Images of the Cell in Twentieth-Century Art and Science

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    Images of the Cell in Twentieth-Century Art and ScienceAuthor(s): Maura C. FlannerySource: Leonardo, Vol. 31, No. 3 (1998), pp. 195-204Published by: The MIT PressStable URL: .Accessed: 14/06/2014 21:36

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    Images of the Cell in Twentieth-

    Century Art and Science

    Maura C. Flannery

    S ince the cell is the basic unit of life, it is not surprising that it has been depicted countless times by biolo- gists. Focusing on the images that were particularly important in the advancement of cell biology, Joseph Gall's recent book on the history of cell imagery indicates the variety of such de- pictions [1]. What may be surprising is that the cell has also been portrayed frequently in twentieth-century art as well, from the realistic cells found in Diego Rivera's Detroit Industry murals to the surrealistic cellular forms of Max Ernst, from the biomorphic forms in the work of such abstract expres- sionists as William Baziotes to, as more recent examples, the work of Terry Winters and Daniel Manns.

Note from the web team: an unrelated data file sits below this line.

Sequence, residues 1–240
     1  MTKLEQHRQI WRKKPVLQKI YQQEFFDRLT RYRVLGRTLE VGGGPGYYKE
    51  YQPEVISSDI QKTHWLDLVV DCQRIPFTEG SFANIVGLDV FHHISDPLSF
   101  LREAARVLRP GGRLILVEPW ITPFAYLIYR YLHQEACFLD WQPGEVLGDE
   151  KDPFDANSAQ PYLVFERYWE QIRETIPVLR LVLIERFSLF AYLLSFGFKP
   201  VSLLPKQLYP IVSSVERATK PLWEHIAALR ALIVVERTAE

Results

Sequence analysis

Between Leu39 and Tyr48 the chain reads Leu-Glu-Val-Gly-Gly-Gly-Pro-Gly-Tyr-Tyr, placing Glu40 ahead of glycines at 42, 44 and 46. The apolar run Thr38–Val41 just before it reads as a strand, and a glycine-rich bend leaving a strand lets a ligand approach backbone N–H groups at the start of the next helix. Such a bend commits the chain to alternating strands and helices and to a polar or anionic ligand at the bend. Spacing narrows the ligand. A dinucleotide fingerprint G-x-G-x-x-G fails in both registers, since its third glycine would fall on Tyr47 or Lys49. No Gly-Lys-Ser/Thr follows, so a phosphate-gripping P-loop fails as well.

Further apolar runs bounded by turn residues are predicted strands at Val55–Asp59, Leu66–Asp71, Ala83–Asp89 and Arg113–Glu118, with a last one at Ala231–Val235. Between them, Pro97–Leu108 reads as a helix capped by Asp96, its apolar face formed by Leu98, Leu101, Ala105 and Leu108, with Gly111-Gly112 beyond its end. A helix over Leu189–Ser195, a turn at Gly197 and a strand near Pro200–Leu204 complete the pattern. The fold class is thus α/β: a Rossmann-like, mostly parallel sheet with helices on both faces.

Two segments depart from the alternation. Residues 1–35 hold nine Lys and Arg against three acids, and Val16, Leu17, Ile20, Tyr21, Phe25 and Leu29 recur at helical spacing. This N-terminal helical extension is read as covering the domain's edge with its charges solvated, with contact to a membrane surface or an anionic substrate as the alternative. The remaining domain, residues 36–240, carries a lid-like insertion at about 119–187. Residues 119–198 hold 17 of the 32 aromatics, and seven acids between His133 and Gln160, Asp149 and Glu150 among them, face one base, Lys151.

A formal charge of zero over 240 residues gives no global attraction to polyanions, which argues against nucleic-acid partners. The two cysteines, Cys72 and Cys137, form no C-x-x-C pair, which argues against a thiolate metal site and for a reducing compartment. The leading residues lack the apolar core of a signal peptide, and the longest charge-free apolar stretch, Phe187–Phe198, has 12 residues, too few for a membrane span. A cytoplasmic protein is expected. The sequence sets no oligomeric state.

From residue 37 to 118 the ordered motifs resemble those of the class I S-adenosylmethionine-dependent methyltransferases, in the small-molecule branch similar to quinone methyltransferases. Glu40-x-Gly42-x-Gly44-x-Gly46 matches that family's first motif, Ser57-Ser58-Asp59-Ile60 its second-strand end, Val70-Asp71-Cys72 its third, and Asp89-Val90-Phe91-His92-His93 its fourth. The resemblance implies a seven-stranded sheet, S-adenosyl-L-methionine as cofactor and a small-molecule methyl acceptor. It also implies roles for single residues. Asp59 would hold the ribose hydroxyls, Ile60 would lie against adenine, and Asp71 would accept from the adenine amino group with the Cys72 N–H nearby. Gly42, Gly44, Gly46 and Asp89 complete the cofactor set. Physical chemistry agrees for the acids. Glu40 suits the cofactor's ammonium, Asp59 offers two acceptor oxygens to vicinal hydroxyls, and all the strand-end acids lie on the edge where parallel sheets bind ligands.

In this article, I will examine the use of cell images in biol- ogy and art, focusing on a number of images from each enter- prise to show that the dividing line between science and art is often a tenuous one. David Topper describes works of art and works of science as constituting a spectrum ranging from the aesthetic to the empirical. He argues that, while some works of science are more empirical than others, most have some aes- thetic aspect [2]. I think a good case can be made that some of the most enduring images of the cell in twentieth-century science as well as art are aesthetically satisfying-that is, they exhibit such aesthetic qualities as elegance, harmony, form and balance. One of the best examples of this is the illustra- tion I will begin with, one found in Edmund Beecher Wilson's 1925 cell-biology text The Cell in Development and Heredity [3].